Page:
‘Contos Escolhidos’ by Fernando Pessoa

My rating: 4 stars

Fernando Pessoa, a modernist Portuguese writer, is better-known as a poet and for being the author of The Book of Disquiet, but he also wrote various short stories throughout his life. I have recently finished the anthology Contos Escolhidos, comprising ten of his short stories. They are mainly characterised by being quite philosophical and sometimes even featuring esoteric elements. Some of the stories are appealing because of the writing style, while others are more plot-focused.

The first short story featured in this anthology, ‘A Very Original Dinner’, was written in English by the author and is signed by the heteronym Alexander Search. The narrator is a member of the Gastronomical Society of Berlin who spends the first part of the story analysing the personality of Herr Prosit, the president of the association. During one of their meetings, after a discussion about lack of originality, Prosit invites the other members to attend a very special dinner and afterwards challenges them to discover the reason why it was so original. I was definitely not expecting the story to unfold in the way it did. This is a very dark and twisted tale, what surprised me greatly.

All the other stories were written in Portuguese and had more philosophical elements. ‘A Estrada do Esquecimento’ is a beautifully written account of a man’s thoughts while he rides a horse together with his companions and chief. He muses on his loneliness and existence, while his fears keep on growing. ‘A Hora do Diabo’ is also quite philosophical, being a conversation with the devil about religion, humans and gods. In ‘O Adiador’ the topic explored is how delaying things that must eventually be done is different from failing. And in ‘A Caçada’ we read about a group of people who is on a hunt and, at the beginning, wonder whether they are hunting a person or an animal. This is a good, although quite short, reflexion on how humans can feel disconnected from another human being who they believe to be a criminal.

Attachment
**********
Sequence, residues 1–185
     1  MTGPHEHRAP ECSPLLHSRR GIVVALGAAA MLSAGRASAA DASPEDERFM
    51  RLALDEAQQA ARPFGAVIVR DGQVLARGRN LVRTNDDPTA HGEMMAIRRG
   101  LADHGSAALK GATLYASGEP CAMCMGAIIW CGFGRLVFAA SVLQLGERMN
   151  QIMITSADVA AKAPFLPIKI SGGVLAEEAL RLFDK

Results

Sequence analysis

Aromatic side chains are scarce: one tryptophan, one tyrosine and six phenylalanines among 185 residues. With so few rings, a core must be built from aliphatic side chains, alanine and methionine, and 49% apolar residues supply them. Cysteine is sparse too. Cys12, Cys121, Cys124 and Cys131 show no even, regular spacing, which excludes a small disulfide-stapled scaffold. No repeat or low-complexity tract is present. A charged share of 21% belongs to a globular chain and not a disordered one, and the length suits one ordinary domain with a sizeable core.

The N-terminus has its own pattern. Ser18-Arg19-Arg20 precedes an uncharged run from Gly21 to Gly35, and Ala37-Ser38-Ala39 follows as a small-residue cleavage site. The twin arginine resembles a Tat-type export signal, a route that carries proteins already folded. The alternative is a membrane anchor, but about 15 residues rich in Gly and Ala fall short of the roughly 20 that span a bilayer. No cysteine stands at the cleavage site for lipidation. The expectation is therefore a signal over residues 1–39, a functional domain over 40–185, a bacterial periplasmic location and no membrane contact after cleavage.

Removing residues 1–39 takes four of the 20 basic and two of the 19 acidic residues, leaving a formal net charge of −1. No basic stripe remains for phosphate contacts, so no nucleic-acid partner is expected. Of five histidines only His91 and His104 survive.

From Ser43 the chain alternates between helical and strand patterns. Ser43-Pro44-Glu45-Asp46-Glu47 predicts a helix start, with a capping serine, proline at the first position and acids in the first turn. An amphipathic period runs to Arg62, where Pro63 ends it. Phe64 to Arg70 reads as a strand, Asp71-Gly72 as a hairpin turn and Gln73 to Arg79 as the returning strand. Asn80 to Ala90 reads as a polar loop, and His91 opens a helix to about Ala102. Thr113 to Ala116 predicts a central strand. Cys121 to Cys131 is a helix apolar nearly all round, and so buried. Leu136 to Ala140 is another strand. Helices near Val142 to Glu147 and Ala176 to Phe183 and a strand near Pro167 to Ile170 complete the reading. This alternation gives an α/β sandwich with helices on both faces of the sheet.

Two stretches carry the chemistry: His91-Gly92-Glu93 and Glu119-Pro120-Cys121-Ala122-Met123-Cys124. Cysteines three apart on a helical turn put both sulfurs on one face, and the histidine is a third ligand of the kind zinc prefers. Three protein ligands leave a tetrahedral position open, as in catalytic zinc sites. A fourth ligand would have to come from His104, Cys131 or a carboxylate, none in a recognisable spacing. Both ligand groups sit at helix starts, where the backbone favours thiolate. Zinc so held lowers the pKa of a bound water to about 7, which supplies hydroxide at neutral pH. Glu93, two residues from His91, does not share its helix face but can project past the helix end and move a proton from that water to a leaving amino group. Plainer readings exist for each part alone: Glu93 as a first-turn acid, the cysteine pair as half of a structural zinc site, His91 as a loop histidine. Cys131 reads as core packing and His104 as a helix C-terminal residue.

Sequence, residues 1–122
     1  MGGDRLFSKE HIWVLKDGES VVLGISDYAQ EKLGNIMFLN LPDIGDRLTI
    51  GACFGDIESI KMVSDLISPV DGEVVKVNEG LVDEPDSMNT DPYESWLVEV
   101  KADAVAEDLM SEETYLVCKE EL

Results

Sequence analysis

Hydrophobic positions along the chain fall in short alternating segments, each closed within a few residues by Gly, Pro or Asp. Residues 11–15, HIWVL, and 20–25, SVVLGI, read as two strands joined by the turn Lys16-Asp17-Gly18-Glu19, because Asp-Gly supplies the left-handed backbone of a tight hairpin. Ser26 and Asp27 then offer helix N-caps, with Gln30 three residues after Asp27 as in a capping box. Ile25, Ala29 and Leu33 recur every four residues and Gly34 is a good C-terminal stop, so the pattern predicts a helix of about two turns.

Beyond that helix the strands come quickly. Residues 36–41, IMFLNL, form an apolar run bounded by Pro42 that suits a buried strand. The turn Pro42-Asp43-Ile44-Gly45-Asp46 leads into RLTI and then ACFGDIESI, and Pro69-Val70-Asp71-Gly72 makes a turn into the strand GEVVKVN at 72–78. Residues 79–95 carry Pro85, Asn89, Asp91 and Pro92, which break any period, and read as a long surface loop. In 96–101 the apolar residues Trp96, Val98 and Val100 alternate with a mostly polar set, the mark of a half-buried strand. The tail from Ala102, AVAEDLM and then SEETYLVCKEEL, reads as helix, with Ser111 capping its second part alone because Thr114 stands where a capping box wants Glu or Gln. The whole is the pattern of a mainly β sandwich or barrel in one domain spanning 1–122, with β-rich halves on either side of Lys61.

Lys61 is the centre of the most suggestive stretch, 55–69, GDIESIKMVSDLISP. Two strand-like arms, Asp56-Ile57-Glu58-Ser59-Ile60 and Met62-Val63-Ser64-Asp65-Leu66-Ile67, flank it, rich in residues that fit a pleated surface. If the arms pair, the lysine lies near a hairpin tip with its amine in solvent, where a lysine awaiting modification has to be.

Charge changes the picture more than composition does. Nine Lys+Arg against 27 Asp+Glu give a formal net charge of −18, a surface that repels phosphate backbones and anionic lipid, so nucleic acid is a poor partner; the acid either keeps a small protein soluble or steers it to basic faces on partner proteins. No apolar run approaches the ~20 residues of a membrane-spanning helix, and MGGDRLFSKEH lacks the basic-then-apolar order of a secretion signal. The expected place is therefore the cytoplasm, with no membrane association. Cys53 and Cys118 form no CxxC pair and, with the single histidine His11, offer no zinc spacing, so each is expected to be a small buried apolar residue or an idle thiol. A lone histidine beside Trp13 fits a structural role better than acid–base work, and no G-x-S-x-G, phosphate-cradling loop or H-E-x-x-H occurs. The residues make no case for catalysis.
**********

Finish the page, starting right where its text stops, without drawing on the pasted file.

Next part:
‘O Peregrino’ is one of the longest short stories in this anthology, but could have been even longer if some of the plot points had been more developed and not only so hastily mentioned. The story is narrated by a young man who encounters an older one dressed in black who says something to him. At first, he struggles to remember what it was that the man said, but, after that moment, his life changes and he starts to feel quite anxious. He then remembers that the man told him to follow the road and not just look at it and decides to follow his advice. It is a lesson about how people should properly live and not just see their lives pass by.

Some of the short stories delve into quite interesting topics, as is the case with ‘A Carta da Corcunda para o Serralheiro’. It is a letter written by Maria José, a hunchback who is dying of tuberculosis, to António. She has no intention of sending it to him, but writes it anyway because she felt the need to talk about her sadness, which stems from never have been loved. Nevertheless, there was a statement that has really irritated me, which was that to be a woman is having someone making a move on her.

I really struggled to rate this anthology of short stories. Some thought-provoking reflexions are made and the majority of the short stories are quite beautifully written. However, I didn’t feel the yearning for keep on reading. I ended up rating it with four stars, but I was expecting something a little more enthralling.

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